"He didn't play well against Chicago, but I thought he did play well in his snaps against the Patriots game," Eagles coach Chip Kelly said Thursday night. "Thought he did a nice job here getting around to some different receivers, keeping drives alive. So, happy with where he is, but he'll be the first to tell you he needs to continue to get better."
Foles, unlikely to play in the preseason finale Thursday against the Jets, completed 68.8 percent of his preseason passes (33 for 48) for 304 yards, two TDs, three picks. The last two games, those numbers were 27-for-39, 260, two TDs, one pick. That'll do just fine, really.
Older than the average Bair
You haven't heard an awful lot about defensive end Brandon Bair in this camp, because we tend to focus on the guys we think will make the team, and Bair, who spent 2013 on the practice squad, turns 30 in November. After playing for Kelly and defensive-line coach Jerry Azzinaro at Oregon, Bair was signed by the Chiefs, then spent a season on the Raiders' practice squad. He hasn't played in a regular-season NFL game yet, so we thought that the Eagles would rather carry a younger guy, and that Bair would have to set the world on fire to make the team.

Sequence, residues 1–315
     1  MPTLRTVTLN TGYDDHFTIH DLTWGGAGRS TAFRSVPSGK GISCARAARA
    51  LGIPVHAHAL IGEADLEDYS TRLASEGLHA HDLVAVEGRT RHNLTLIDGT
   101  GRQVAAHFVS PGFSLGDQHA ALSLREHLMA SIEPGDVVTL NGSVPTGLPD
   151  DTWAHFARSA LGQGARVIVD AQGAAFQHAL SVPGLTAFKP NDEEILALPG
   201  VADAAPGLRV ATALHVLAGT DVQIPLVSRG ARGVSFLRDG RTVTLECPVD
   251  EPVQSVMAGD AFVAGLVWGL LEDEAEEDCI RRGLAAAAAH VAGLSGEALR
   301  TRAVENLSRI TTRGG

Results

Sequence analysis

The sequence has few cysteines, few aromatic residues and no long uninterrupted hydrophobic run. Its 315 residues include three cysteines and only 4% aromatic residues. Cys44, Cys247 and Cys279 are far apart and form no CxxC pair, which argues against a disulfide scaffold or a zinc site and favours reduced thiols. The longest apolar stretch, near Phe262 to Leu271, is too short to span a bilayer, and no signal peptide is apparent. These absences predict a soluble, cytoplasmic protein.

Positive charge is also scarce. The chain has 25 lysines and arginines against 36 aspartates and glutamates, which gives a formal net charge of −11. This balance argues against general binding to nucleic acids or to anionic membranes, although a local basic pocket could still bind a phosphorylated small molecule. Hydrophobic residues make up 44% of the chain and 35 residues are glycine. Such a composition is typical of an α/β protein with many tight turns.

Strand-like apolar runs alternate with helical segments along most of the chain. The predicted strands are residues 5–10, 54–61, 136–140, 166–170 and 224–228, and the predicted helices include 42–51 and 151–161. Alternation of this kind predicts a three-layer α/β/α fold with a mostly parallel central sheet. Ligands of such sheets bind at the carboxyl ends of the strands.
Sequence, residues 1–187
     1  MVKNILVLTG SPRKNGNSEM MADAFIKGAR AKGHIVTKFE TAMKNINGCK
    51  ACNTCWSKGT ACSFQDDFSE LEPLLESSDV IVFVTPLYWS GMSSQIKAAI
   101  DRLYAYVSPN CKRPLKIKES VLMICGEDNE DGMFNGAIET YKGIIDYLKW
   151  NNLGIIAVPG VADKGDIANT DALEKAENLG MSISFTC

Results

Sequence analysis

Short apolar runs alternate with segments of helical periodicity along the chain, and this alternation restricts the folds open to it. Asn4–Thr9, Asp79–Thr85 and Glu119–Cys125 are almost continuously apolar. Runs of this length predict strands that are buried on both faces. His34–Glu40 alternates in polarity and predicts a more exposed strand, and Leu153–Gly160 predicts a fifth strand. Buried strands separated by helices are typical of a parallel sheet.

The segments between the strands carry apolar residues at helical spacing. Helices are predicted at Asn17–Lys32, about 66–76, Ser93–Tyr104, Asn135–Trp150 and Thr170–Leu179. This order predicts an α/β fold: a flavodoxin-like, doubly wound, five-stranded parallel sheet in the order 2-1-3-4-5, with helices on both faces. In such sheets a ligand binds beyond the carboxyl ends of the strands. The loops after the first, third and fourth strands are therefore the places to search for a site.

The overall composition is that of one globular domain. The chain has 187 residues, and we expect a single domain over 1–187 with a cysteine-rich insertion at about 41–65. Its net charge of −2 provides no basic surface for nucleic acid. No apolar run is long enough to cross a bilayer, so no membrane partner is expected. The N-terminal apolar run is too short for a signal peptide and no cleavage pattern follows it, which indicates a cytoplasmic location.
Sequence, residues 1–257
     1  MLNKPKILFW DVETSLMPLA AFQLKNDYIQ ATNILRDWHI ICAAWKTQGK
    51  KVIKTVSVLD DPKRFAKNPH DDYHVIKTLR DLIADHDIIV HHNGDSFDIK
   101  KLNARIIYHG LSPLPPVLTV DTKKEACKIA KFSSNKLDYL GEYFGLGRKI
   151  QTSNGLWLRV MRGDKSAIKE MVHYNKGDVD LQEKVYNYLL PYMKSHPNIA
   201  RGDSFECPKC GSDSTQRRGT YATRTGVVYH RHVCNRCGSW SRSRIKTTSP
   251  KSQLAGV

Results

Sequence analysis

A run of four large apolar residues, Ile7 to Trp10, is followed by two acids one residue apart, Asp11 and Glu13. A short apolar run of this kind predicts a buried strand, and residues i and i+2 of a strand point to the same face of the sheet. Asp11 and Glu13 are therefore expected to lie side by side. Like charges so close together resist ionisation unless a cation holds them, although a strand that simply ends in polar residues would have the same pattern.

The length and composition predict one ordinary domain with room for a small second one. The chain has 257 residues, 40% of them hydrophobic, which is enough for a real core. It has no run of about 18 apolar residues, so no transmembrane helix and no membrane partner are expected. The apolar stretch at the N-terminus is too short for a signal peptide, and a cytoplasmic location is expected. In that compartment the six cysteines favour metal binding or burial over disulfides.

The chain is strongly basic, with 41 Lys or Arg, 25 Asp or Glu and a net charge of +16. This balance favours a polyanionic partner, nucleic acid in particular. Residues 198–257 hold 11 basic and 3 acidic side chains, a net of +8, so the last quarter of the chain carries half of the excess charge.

Well, three games into the preseason, the earth is ablaze. Bair has been a consistent standout, blocked a pass against the Steelers. Bair, 6-6, 290, really seems to get this 3-4, two-gap business. And Kelly was at his snarkiest Thursday night when someone tried to bring up Bair's age.
"I hope he doesn't age more than 4 or 5 years during the season. My concern is the season. So I think if he continues to put himself in positions to play, then our focus with those guys is what's going to help us immediately. We're not building for the future," Kelly said. "Our future is right now."
(Great speech, but a team that cares only about this season doesn't draft Marcus Smith 26th overall, does it?)
"He's done a really good job in all three games he's played," Kelly said, noting Bair's pass block against the Steelers. "I think he's doing a good job, and he's right in the mix."